What parents need to know
Parents Need to Know
Parents need to know that Champion is the concluding volume in Marie Lu's Legend trilogy, following Legend and Prodigy, and it brings the various story lines to their satisfying resolutions. Set during wartime, the novel features violence, including gun- and knife fights and the spread of a weaponized plague virus, but the details are not dwelt upon. Aside from one discreet scene in which the protagonists share a night of lovemaking, there's little sexual content. There's a tiny amount of drug and cigarette use.
What's the story?
As CHAMPION opens, it seems as if the Republic, for which Day and June have individually sacrificed so much, might enjoy some peace and stability under its reformed government. However, with a peace treaty imminent, an outbreak of plague threatens to undo everything they've struggled for. The Colonies prepare to attack the Republic's border cities, and Day and June must decide to whom their true loyalty belongs, even if it means losing everything they love.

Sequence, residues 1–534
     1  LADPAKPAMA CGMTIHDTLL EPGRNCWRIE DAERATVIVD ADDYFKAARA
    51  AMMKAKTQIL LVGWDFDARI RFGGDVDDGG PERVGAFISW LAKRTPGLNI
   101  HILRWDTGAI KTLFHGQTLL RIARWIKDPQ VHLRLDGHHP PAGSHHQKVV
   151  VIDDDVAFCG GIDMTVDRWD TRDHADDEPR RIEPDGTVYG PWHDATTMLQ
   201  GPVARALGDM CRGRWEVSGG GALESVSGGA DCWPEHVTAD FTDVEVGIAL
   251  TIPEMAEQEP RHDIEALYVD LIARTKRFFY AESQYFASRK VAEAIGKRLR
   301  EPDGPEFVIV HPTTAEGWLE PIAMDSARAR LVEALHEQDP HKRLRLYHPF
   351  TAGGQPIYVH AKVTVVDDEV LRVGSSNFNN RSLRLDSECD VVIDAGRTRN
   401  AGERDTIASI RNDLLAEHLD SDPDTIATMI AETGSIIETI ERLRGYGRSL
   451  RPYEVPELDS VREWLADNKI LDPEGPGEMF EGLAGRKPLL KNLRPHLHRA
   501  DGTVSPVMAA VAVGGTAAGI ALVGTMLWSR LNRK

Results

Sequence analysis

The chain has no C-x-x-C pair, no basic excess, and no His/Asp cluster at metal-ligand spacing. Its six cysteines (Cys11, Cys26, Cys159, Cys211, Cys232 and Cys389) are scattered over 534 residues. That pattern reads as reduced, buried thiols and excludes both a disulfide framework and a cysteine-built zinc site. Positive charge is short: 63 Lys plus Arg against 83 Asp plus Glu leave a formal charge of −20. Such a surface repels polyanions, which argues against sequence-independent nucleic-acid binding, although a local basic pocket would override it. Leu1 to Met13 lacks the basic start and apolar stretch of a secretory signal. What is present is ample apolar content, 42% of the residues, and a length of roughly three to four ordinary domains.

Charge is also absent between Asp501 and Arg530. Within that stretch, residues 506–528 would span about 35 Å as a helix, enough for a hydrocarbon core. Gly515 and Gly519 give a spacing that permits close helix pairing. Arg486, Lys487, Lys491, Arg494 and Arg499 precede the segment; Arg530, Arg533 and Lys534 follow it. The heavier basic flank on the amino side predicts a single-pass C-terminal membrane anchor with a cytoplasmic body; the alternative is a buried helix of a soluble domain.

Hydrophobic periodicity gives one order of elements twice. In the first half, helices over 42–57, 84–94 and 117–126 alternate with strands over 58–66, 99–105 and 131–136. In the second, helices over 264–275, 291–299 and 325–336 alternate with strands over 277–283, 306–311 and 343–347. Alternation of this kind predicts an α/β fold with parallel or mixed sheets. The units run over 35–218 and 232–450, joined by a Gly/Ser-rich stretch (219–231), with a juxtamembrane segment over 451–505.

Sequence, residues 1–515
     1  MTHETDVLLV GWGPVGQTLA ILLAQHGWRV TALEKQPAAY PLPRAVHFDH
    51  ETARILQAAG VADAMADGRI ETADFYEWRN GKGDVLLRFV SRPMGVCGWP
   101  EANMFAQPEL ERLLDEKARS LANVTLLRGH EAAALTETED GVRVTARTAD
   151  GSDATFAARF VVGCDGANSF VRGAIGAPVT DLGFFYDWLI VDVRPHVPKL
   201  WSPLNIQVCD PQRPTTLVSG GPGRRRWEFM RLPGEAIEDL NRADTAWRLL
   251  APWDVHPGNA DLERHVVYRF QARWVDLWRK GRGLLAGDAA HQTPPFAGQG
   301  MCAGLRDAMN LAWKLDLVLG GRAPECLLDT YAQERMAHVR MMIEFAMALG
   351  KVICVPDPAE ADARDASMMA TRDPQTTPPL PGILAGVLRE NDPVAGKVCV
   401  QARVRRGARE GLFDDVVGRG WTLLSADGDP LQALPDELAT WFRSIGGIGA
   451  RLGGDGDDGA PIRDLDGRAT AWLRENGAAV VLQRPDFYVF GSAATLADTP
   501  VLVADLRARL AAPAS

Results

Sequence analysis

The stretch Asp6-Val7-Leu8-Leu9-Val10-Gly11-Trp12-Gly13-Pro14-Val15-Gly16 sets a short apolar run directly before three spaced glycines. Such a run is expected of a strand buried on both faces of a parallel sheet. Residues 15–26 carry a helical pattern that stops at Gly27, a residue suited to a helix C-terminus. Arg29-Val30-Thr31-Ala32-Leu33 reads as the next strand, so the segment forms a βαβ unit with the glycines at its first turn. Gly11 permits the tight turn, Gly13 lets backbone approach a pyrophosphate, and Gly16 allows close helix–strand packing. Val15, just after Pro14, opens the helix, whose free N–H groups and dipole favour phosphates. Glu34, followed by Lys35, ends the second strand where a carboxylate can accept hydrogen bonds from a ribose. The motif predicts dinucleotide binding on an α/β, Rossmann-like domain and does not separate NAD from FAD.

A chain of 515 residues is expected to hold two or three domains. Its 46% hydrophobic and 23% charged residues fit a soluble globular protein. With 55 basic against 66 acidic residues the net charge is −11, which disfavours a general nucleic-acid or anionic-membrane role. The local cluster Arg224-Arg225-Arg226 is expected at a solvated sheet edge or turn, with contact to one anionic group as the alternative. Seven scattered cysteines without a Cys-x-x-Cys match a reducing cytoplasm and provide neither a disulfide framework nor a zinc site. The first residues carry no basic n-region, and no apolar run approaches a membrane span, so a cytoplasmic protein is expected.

Is it any good?
Although Champion has plenty of action scenes, the conflict is a bit more interior than it was in the trilogy's preceding volumes. That's a good thing, as it prevents the story from recycling plot points and allows the relationship between June and Day to develop in complexity. Author Marie Lu does a fine job of pulling together the disparate elements of the narrative, creating a climax and denouement that feel both conclusive and well earned.
Explore, discuss, enjoy
Families can talk about why dystopian novels are so popular. How do you think the Legend trilogy compares with other dystopian series?
If you had a life-threatening illness, would it be better to hide the truth from your loved ones?
What are the ethics of governments using bioweapons, such as plague viruses? Should they be unilaterally banned?